Contested ground: A disputed study declaring Indonesia home to the world’s oldest pyramid has prompted warnings about the dangers of nationalist mythmaking.

Decluttering dating: Overwhelmed by apps, profiles and not-quite-matches? Here’s how to start the year fresh.

Eyes on the sky: The Quadrantids meteor shower reaches its peak tonight. 

Lives Lived: Frank Ryan was a star quarterback for the Cleveland Browns in the 1960s. He also earned a doctorate in math, taught at Yale and brought computers to the House of Representatives. He died at 87.


Women’s basketball: Iowa defeated Michigan State, 76-73. Caitlin Clark, Iowa’s star guard, unleashed a buzzer-beating 3 to win the game. 

Allegations: Jimmy Kimmel threatened to sue the Jets quarterback Aaron Rodgers for insinuating that he would be named in documents from the Jeffrey Epstein case.

N.F.L.: The league fined the Carolina Panthers owner David Tepper $300,000 for throwing a drink on a Jacksonville Jaguars fan during a game.

Soccer: The Spain star Jennifer Hermoso gave evidence in court against Luis Rubiales, the former federation boss who kissed her on the mouth after her team’s World Cup win.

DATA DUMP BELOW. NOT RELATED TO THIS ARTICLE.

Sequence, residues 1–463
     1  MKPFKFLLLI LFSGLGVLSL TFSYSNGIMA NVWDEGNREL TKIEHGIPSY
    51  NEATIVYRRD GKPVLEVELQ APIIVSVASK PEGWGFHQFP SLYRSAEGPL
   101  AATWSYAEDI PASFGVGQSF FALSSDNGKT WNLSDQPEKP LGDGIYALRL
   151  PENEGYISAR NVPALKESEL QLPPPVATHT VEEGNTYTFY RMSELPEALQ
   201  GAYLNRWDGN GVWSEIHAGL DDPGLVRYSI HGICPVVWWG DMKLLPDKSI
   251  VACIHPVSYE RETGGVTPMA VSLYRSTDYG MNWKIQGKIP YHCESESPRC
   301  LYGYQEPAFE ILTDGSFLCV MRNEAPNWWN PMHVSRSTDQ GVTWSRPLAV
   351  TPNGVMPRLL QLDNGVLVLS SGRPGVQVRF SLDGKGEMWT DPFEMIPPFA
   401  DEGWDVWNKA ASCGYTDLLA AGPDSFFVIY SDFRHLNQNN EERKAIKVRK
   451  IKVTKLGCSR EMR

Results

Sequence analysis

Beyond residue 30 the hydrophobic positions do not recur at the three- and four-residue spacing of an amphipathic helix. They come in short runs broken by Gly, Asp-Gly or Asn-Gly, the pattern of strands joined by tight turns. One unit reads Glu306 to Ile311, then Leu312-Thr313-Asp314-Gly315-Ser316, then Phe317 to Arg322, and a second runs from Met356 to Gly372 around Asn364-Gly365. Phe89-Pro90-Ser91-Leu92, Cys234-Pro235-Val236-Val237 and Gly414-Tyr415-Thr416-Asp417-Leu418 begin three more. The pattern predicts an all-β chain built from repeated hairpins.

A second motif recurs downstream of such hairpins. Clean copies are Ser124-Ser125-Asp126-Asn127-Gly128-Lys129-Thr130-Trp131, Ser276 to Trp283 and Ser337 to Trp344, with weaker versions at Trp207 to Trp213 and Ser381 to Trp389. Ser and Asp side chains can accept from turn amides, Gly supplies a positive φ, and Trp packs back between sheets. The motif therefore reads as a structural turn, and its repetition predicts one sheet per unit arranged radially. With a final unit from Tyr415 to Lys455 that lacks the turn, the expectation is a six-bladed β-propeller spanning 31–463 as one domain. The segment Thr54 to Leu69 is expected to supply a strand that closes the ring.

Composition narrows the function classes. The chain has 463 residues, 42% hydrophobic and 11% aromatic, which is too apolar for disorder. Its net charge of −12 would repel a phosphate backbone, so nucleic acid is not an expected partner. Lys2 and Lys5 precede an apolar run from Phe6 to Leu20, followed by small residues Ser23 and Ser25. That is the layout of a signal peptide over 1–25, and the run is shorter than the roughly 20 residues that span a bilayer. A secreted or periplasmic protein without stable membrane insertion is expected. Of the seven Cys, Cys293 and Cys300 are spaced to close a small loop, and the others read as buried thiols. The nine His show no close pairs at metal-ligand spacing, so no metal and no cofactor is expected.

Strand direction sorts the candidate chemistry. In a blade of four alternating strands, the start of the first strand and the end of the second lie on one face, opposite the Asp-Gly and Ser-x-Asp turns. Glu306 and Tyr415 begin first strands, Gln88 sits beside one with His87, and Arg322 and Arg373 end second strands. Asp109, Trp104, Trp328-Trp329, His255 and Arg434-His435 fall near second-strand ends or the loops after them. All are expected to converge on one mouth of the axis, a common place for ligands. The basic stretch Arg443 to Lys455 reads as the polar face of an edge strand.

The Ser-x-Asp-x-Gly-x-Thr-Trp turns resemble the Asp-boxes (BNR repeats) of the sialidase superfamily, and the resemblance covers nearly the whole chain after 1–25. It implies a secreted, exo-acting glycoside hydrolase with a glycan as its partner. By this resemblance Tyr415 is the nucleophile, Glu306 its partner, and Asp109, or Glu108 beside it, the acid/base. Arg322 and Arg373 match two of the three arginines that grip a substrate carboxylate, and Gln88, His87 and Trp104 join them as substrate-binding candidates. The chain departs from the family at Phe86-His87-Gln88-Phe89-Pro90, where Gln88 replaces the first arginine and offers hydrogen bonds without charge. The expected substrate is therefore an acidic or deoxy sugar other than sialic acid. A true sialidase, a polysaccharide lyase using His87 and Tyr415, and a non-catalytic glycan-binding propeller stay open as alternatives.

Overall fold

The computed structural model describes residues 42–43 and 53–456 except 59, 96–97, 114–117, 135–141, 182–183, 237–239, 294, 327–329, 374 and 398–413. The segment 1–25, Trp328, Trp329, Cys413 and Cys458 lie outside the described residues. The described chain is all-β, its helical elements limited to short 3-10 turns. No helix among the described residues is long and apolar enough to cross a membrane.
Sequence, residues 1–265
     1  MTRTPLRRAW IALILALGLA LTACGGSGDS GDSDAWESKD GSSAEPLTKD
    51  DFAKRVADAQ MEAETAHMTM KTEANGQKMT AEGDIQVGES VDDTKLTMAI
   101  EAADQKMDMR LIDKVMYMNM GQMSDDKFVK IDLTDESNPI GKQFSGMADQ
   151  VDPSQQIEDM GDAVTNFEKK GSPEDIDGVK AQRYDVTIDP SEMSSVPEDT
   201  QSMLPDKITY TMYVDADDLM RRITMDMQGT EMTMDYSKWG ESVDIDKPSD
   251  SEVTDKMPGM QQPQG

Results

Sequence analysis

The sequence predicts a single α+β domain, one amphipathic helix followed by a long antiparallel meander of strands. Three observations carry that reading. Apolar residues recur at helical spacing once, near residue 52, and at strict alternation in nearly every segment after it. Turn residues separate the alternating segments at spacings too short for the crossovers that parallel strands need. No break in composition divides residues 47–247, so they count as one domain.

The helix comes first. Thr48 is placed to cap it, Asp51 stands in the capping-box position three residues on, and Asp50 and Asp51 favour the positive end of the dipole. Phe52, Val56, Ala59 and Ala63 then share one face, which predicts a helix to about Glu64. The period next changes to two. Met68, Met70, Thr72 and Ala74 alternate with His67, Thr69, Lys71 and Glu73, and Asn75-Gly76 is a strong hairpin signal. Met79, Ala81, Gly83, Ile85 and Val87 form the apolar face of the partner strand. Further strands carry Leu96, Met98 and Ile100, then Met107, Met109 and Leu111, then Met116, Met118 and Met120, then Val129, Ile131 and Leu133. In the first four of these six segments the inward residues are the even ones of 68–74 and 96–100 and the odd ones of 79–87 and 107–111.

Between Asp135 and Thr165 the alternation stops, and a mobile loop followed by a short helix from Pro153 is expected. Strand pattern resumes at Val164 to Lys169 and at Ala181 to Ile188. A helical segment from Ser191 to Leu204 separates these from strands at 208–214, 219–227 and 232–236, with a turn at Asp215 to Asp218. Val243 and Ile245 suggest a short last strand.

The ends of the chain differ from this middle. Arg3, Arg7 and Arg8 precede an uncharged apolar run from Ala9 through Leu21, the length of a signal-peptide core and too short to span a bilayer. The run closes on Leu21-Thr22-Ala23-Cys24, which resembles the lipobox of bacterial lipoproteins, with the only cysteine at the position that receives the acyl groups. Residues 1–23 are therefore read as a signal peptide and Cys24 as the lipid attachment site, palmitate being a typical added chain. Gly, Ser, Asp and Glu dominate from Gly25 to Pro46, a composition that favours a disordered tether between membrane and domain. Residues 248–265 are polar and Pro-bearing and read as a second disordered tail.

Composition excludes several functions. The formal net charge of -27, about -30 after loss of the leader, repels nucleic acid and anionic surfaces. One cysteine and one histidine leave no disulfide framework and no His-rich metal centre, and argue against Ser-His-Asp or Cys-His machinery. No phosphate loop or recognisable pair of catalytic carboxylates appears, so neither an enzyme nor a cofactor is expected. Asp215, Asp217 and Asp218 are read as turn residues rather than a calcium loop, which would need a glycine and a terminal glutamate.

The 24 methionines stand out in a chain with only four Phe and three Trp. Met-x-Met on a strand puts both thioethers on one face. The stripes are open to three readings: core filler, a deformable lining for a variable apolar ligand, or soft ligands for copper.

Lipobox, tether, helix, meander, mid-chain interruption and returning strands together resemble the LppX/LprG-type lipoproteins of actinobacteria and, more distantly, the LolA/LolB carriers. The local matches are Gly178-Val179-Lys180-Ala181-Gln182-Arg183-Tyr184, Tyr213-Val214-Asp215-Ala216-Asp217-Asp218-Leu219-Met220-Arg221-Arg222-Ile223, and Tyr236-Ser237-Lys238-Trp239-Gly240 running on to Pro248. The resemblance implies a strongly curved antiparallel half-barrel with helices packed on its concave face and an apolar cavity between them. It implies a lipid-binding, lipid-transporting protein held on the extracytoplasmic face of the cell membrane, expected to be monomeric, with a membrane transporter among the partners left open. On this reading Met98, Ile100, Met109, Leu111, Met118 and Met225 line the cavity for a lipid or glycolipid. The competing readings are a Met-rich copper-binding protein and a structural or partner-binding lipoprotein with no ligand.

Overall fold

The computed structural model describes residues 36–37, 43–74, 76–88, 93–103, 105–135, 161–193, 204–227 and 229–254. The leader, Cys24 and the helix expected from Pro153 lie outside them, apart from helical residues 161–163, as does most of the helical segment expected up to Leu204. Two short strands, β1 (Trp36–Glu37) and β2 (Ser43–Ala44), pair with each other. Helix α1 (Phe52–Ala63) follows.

Dino debate: Five years ago in the hills of Montana, fossil hunters found the remains of a dinosaur that had many characteristics of a Tyrannosaurus rex — giant legs, small arms and a long tail. But this one was unusually small. The discovery has divided the world of paleontology: Was it a young T. rex, or a different species named Nanotyrannus?

More on culture


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Here is today’s Spelling Bee. Yesterday’s pangram was blowpipe.

And here are today’s Mini Crossword, Wordle, Sudoku and Connections.

Thanks for spending part of your morning with The Times. See you tomorrow. — David

P.S. Mike Rosenwald, who has written sparkling obituaries for The Washington Post, is joining The Times’s Obituaries desk.

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David Leonhardt writes The Morning, The Times’s flagship daily newsletter. He has previously been an Op-Ed columnist, Washington bureau chief, co-host of “The Argument” podcast, founding editor of The Upshot section and a staff writer for The Times Magazine. In 2011, he received the Pulitzer Prize for commentary. More about David Leonhardt"

The New Campus Politics - The New York Times